Somehow the rise of the masks coincided with the fall of the turban. "Turban" is the perhaps politically incorrect term Germans used for the head bandages that were a common sight in the 1980s.

The most famous "turban" belonged, of course, to England's Terry Butcher. He suffered a head wound during the early stages of a World Cup qualifier in Sweden in September 1989 that was initially covered with bandages and then stitched up during half-time. Since Butcher kept heading balls out of the danger zone, the wound re-opened and he was bleeding so profusely that you wondered if his family name was really just a coincidence.

In the German game it belonged to Bayern's towering striker Dieter Hoeness, the younger brother of Uli. In the 13th minute of the 1982 DFB-Pokal final, he went up for an aerial duel with Nurnberg's Alois Reinhardt and sustained a bad cut. Like Butcher, he had his wound first covered with a bandage and then stitched up during the interval.

Hoeness briefly considered coming off. But his brother Uli pleaded with him to stay on, because Bayern were not only trailing 2-0 but had also lost defender Bertram Beierlorzer, who'd torn his Achilles tendon only ten minutes after the Hoeness/Reinhardt incident, and so coach Pal Csernai was reluctant to make another substitution so early.

Eight minutes into the second half, a Wolfgang Dremmler cross from the right found Hoeness at the far edge of the six-yard box. Hoeness smartly headed the ball over to Karl-Heinz Rummenigge, who pulled one back for Bayern. Half a minute later, Hoeness intercepted a pass and Bernd Durnberger had a good chance. Nurnberg were now coming apart at the seams, it seemed, while Bayern surged forward.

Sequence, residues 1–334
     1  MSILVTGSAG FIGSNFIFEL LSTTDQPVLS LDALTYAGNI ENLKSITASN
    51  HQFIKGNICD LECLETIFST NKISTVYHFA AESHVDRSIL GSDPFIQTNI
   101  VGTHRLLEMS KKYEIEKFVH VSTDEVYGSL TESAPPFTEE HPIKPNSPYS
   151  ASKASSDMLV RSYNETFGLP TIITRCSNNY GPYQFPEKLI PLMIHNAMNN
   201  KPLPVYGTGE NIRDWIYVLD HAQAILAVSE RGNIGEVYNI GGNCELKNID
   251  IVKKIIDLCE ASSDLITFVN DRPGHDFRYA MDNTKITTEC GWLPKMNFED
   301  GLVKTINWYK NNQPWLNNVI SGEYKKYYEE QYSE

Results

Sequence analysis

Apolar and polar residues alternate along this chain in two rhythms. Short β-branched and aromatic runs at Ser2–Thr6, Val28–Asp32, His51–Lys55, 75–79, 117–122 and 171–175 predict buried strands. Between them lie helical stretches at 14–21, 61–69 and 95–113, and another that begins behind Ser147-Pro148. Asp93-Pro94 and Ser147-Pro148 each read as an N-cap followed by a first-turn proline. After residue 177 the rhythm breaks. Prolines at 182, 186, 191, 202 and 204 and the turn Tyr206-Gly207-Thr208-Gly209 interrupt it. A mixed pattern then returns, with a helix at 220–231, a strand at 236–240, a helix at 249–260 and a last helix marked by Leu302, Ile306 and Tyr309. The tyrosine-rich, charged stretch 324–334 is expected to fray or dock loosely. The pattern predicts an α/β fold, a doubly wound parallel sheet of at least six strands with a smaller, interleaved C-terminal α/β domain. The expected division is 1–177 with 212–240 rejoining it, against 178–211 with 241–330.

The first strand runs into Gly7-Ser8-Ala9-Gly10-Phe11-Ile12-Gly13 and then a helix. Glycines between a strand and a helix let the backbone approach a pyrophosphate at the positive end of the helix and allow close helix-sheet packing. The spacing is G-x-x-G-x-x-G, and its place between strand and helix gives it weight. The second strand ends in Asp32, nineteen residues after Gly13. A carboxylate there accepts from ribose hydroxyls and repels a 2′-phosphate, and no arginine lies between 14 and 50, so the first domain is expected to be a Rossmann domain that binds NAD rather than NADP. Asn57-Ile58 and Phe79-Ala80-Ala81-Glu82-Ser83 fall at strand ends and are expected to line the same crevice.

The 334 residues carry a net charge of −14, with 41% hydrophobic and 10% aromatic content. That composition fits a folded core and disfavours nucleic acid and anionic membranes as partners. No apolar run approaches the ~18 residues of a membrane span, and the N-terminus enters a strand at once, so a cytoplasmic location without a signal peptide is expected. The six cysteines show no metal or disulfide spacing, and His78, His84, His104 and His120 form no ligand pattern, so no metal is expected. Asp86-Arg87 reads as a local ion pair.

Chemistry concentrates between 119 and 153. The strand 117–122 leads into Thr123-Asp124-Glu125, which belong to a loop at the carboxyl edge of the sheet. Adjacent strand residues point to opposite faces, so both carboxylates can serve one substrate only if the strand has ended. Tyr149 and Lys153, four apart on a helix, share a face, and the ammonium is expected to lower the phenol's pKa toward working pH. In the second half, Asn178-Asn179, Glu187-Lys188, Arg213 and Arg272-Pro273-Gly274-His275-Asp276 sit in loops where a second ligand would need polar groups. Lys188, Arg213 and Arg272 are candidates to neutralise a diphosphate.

But that left a lot of space for Nuremberg to exploit. On the hour, Werner Dressel played a through-ball that cut through the Bayern backline, his team-mate Herbert Heidenreich received the ball near the penalty spot and shot on the turn - only to see Dremmler throw himself into the path of the ball and deflect it against the left-hand post.

Five minutes later, Rummenigge hit the woodwork at the other end, but Wolfgang Kraus was there to put the rebound away and make it 2-2. Hoeness, often derided as a stiff, awkward player who was only good in the air, now became a pivotal figure in Bayern's attack, as Rummenigge and Breitner regularly used him as a wall player for one-twos that split Nuremberg's defence. Of course he also made his main strength count: his bandaged head knocked the ball into the path of Kraus, who went down under a challenge from Peter Stocker to win a soft penalty. Breitner converted the spot-kick to bring his side ahead after 72 minutes.

It was left to the man of the match to put the finishing touch on this legendary cup final. With a minute to go, Paul Breitner sent in a cross from the left and Hoeness headed home from seven yards for the final scoreline of 4-2.